Good was ‘but a child’ when sent to Oxford after his father’s death, where he claimed to have converted to Protestantism under peer pressure. On returning home his mother’s influence brought him back to Rome, and he was ‘admitted to those mysteries [perhaps meaning the mass] which before I never received’. His parents’ house in Chancery Lane, where he probably lived while a student at Lincoln’s Inn, was ideally situated for clandestine Catholic worship, as the neighbouring inns of court were regularly visited by priests, and the liberty of the Rolls in which it was situated was exempt from the jurisdiction of the London and Westminster authorities. Because of his dubious background, he remained under suspicion for many years: in Easter 1594 an informant claimed that ‘divers of the seditious parties’ [i.e. Catholics] could be found at his house in Chancery Lane, and although his Surrey estate comprised 350 acres, he does not appear to have held local office of any kind.13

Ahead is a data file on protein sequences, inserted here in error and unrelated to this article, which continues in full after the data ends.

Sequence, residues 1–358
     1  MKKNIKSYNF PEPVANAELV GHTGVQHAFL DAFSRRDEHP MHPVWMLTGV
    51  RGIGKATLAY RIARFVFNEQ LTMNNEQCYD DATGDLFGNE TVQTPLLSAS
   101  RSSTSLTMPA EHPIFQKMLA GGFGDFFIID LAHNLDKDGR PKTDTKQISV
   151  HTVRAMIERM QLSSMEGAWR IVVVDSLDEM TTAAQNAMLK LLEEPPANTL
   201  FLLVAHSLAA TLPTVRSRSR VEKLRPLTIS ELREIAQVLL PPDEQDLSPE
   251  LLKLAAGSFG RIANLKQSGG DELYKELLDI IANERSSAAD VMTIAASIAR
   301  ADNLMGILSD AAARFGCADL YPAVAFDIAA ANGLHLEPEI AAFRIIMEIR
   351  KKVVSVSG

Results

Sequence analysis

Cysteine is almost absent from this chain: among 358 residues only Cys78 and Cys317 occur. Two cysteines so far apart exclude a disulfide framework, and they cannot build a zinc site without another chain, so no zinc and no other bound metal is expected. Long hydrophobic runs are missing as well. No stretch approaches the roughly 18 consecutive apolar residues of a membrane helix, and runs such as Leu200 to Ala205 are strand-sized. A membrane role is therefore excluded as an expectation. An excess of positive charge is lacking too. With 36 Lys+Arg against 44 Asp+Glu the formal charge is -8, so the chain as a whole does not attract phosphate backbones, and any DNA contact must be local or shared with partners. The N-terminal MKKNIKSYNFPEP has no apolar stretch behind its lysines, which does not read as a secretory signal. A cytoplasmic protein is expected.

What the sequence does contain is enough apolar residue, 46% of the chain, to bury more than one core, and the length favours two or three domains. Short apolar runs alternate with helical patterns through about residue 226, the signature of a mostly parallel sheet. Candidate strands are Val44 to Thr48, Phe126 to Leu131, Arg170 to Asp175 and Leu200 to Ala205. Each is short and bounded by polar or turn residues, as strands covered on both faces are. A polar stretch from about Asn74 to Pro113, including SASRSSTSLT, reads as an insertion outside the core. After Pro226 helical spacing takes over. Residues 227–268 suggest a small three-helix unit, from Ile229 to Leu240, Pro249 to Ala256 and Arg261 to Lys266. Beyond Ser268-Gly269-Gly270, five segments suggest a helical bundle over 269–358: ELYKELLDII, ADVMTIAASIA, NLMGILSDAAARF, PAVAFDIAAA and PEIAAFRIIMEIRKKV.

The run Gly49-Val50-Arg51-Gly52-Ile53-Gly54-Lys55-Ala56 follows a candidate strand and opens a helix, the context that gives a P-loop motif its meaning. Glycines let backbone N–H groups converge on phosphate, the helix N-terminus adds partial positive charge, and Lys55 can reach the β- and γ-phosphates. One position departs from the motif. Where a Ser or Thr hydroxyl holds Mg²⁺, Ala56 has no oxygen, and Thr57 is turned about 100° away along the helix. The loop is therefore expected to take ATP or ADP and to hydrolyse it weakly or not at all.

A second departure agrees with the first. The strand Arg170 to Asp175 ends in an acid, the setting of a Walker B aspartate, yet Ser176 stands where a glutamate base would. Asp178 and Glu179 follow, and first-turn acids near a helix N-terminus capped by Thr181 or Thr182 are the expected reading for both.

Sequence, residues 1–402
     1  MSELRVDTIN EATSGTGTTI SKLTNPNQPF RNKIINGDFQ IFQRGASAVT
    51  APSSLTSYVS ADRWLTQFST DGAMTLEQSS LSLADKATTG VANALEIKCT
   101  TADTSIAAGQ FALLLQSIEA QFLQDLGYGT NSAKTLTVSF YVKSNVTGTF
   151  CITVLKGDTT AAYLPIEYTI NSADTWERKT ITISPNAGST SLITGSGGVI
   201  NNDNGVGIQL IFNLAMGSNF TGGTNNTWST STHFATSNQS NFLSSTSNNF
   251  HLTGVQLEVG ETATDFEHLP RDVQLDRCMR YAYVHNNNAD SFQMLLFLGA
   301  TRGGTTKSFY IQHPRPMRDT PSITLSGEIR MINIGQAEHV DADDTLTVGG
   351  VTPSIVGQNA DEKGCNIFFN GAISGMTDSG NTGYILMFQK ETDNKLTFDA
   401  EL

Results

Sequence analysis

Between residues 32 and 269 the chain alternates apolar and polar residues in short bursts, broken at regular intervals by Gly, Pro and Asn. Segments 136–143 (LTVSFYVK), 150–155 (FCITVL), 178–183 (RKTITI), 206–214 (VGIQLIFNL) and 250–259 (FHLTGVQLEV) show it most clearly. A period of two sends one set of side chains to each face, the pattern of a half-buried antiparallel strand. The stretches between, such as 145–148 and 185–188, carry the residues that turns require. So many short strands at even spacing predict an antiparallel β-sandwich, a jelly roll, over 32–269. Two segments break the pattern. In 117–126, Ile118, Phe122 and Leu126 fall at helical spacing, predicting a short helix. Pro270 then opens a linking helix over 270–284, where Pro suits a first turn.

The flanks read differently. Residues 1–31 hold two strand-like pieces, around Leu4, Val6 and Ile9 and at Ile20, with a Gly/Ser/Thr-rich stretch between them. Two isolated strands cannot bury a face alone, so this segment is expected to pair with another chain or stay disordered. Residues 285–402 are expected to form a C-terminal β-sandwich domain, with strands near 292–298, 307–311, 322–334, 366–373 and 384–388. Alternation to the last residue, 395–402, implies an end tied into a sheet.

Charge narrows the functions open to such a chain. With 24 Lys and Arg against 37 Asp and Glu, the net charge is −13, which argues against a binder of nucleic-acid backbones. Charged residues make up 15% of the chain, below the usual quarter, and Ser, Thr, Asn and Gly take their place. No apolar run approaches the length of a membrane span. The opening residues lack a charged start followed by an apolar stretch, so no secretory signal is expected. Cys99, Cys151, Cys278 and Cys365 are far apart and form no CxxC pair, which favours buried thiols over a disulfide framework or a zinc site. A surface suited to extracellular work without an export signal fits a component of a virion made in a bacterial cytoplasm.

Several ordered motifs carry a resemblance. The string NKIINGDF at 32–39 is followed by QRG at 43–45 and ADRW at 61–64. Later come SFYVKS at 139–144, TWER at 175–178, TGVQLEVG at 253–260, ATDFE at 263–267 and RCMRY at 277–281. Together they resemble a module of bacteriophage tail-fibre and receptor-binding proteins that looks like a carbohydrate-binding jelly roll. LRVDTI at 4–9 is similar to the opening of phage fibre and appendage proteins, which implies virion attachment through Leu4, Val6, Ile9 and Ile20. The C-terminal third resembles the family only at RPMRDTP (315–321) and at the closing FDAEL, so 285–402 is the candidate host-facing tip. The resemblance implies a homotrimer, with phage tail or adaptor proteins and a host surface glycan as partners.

Despite his unsavoury reputation in official circles, Good eventually conformed to the Church of England, probably after his mother’s death in 1589. He may have been influenced, like many pro-Scots Catholics, by the belief that James VI would accommodate his scruples once he came to the throne of England,14 but his autobiography is notably ambiguous about his motives during this period. At one point he blamed the influence of ‘an unhappy guide, who proved false to God and himself’, and exploited ‘the horror I conceived of [auricular] confession’ to undermine his allegiance to Rome; this was the only doctrinal issue his autobiography analysed at any length.15 Elsewhere, he claimed that he had conformed out of ‘fear to incur those penalties which the rigour of the [recusancy] laws imposed’.16 In yet another passage he insisted that he was led into error by ‘my depraved will, my corrupt nature and vicious disposition to follow my sense and pleasures without control’, a common perception among evangelicals.17 Considered separately, each of these assertions provides a plausible explanation for Good’s conformity, but taken together they suggest that when Good wrote his tract he was disillusioned about his earlier attraction to the Church of England.